how many other machines that are that ildl could still be in this conversation? this is the first machine that i've had with that kind of longevity. sure, i've kept machines for longer but they were barely usable, and that is not the case here.

    i'm sure you know what i'm getting at. one could do worse than an MP3,1.
     
  19. keigo macrumors regular

    Joined:
    Nov 6, 2006
    #19
    Same like my usage, the only different is I don't game at all. And uses handbrake a lot of time and occasionally run some home create video.

    the 4, 6 or 8 core have the same single core speed which is 3.9ghz.

    Therefore I'm just getting the base model now and 3 years later just self upgrade the CPU to 8 core E5-2667 v2 with the speed of 4ghz for each single core.

    or if I'm lazy or afraid to DIY CPU replacement. Just brought the 6 core from Apple and should be great for at least 5 years of usage. (cause intel CPU for each generation the speed improvement is just around 10 percents, it just depend on the application to mature to run on multi core rather then single core)

    Reason not going for iMac is very simple for me.
    - constraint at 32gb RAM
    - I don't like mobile CPU & GPU (cause some how I find they age faster)
    - I don't like the screen all in 1 system cause it can be screen death that force me to upgrade instead of system. Not to mention we will see affordable 4k this year or latest next.
     
  20. analog guy macrumors 6502

    Joined:
    Mar 6, 2009
    #20
    you've gotten, what, 7-8 years from that 1,1? wow. that's a good run.

    i have an iMac 27" here in a box that i was intending to test out (and then cancel my nMP order if it DID work out, or return if it didn't), but i just can't bring myself to open it. maybe i should….

    i have a 27" LED cinema display and 2x23" LCD ACDs. if i go nMP i will either keep this config or trade the 2x23s for 1x27".

    for me, some of the hesitancy around the iMac is the all-in-one aspect. i just tend to fear that…perhaps a bit TOO much.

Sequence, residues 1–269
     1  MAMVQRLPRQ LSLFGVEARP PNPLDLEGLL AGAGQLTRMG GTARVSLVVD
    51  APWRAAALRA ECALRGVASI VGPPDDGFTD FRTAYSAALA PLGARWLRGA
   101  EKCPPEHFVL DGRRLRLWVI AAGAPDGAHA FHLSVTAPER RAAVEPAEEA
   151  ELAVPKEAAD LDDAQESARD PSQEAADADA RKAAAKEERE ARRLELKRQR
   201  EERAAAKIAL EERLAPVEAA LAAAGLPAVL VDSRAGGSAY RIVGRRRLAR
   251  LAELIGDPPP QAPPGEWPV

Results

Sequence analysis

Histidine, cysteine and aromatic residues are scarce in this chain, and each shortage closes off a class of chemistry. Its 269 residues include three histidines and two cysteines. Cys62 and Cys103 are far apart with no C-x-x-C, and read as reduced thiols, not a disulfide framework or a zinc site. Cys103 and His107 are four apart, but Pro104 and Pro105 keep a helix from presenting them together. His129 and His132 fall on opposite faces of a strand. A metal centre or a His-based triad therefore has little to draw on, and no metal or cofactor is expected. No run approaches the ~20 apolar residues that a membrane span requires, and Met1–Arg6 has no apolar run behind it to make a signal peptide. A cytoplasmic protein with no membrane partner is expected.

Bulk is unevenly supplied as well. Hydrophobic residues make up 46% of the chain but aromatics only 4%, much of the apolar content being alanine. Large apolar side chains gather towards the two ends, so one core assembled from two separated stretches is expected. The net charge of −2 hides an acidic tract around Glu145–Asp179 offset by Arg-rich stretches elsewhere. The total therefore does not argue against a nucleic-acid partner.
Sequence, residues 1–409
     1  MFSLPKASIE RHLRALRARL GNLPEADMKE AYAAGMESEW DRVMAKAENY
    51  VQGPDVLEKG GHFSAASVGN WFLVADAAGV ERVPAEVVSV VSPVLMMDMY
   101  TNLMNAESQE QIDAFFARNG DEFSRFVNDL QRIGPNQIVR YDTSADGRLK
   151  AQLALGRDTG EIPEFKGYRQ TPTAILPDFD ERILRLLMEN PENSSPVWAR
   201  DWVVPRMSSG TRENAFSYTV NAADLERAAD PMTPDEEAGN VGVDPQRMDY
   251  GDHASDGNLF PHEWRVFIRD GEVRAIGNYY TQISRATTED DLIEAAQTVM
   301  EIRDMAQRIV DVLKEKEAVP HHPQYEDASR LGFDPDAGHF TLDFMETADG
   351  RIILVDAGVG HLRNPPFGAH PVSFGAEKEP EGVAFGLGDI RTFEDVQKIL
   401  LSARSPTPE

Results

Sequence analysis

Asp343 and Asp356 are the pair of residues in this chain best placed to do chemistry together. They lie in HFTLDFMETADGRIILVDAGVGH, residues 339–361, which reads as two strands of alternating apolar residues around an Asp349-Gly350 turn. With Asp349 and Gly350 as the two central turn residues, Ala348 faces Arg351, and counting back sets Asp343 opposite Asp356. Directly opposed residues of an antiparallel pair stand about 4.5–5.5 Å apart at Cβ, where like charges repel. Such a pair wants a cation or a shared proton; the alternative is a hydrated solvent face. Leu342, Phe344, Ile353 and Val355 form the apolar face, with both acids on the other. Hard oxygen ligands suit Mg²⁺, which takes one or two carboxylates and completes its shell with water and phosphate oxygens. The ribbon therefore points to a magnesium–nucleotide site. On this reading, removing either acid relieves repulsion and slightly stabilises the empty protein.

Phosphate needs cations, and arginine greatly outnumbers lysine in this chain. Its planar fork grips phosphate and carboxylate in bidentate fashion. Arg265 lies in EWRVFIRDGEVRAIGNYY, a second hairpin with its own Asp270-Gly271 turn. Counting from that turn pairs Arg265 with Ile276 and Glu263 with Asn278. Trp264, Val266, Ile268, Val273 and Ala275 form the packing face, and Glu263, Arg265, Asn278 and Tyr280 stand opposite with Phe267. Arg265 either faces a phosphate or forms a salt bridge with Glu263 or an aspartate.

21. wildmac thread starter macrumors 65816

    Joined:
    Jun 13, 2003
    #21
    The other thing against the iMac, at least for me, as I noted above, if Adobe does start using OpenCL more (which they are using some already, even the lowly D300 will smack the iMac something fierce.

    ----------

    yeah, the OpenCL issue, and the screen death issue... or worse, color spots that Apple won't fix.
     
  22. antonis macrumors 68000

    antonis

    Joined:
    Jun 10, 2011
    #22
    iMacs have a desktop CPU. It's only the GPU that is a mobile class.
    Regardless, though, I agree with all the rest concerns for iMac (although a great all-around machine).
     
  23. xmichaelp macrumors 68000

    xmichaelp

    Joined:
    Jul 10, 2012
    #23
    You can upgrade CPU easily and technically you can upgrade the GPUs if there's third party support for it.
     
  24. keigo macrumors regular

    Joined:
    Nov 6, 2006
    #24
    Let assume adobe is not using OpenCL, I don't see any issue D300 is giving now.

    Not to mention crap Adobe is pulling for monthly subscription base which I will be boycotting.
     
  25. mrsavage1 macrumors regular

    Joined:
    Feb 1, 2010
    #25
    yeah thats a pretty good run with the 1,1 mac pro. I have a 2011 imac and the graphics card can't keep up with running 3x27 inch lcds and the fan is also running much louder than before. When i game on it the fans go to a horrendous sound. I was going to get the 2013 27 imac but next year I would definitely be getting a 4k screen and the imac can't do 4k 60hz.

    I am in a condrum right now. I have no need for the power of the mac pro but getting the imac means i can't run 4k in the future which is a huge no no. I even have extra 32gb 1600mhz ram sticks for imac but it makes no sense to get an imac without 4k. At the base nmp's price, the imac is a more powerful machine, can be specced with 512 gb, and comes with keyboard and mouse/trackpad and LCD, its a better machine for my needs but 4k totally nufflies it. :(

    If those dell 4k's hadn't dropped so fast in price i might have considered the imac. but i am sure now by 2015 4k will be affordable.

    ----------

    CPUs for multi yes but for single core no, new cpus are the only way to speed up single. Graphics is too much of a leap of faith. I don't think these will be parts you can just buy off apple or some other company.
     

Share This Page